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Barclays investment bank revenues rise sharply in third quarter

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Via Financial Times

Barclays’ investment bank posted strong results for the third quarter but the shine was taken off by a £1.4bn charge related to the payment protection insurance scandal, which dragged the group to an overall net loss.

Pre-tax profits at the corporate and investment bank jumped to £882m, a 77 per cent rise year-on-year per cent thanks to an increase in the fees Barclays earns by working on corporate transactions like initial public offerings and acquisitions. Banking fees were one-third higher than the same quarter of last year at £688m.

The bank’s traders also posted a solid performance, with revenues from fixed-income and equities trading up by 19 per cent and 5 per cent, respectively, which compared favourably with many of Barclays’ larger US peers.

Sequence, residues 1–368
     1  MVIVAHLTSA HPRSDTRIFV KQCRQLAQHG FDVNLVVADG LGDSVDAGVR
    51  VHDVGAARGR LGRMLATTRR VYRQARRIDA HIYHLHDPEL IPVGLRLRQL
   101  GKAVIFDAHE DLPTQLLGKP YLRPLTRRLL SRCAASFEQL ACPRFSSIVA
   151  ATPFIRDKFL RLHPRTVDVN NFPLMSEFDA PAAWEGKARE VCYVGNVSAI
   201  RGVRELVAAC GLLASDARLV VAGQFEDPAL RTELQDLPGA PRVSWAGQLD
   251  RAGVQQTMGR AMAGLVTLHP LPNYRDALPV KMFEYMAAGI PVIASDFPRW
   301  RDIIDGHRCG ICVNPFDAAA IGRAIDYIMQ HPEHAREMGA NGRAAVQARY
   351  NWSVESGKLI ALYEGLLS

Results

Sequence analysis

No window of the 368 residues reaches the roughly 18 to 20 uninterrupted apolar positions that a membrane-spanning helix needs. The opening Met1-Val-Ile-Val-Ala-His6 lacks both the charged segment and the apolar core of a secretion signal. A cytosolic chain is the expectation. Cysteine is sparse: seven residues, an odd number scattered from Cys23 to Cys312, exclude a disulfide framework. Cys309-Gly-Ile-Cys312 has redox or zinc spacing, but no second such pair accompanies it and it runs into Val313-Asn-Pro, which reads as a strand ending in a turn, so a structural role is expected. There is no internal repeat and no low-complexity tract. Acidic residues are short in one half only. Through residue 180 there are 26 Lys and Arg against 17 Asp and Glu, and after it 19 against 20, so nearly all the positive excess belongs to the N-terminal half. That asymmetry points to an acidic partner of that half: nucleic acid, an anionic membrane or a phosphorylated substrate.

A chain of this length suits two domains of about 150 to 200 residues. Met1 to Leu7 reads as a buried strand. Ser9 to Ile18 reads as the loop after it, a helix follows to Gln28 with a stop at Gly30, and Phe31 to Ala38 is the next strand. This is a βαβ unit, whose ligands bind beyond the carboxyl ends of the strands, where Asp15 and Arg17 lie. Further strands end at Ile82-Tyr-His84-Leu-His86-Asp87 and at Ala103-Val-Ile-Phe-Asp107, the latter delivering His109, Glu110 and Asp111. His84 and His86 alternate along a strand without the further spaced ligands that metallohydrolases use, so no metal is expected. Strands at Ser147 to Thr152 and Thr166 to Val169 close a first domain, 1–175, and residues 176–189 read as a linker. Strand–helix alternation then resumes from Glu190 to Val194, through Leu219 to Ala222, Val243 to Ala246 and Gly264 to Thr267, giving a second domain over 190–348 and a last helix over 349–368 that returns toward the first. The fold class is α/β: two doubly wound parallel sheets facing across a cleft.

The strong performance from the investment bank could put further pressure on activist investor Ed Bramson, who has amassed a large stake in Barclays and called for it to scale back its trading operation.

However, the bank took a £1.4bn charge to cover the cost of compensating consumers that were mis-sold payment protection insurance, taking total provisions related to the scandal to £11bn.

The charge dragged the group to a net loss of £292m. Its return on tangible equity for the quarter was minus 2.4 per cent.

Revenues of £5.5bn were 8 per cent ahead of the same quarter last year and about 4 per cent higher than the consensus analyst forecast. Net profits excluding litigation and conduct were about 21 per cent higher than analysts had expected.

Excluding the PPI charge and other litigation expenses, the bank posted a ROTE of 10.2 per cent, and Jes Staley, chief executive, said the bank was “on track” to achieve its annual target of a ROTE of more than 9 per cent in 2019.

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However, he warned that next year’s target for a ROTE of greater than 10 per cent was “unquestionably more challenging now than it appeared a year ago, in particular given the uncertainty around the UK economy and the interest rate environment.”

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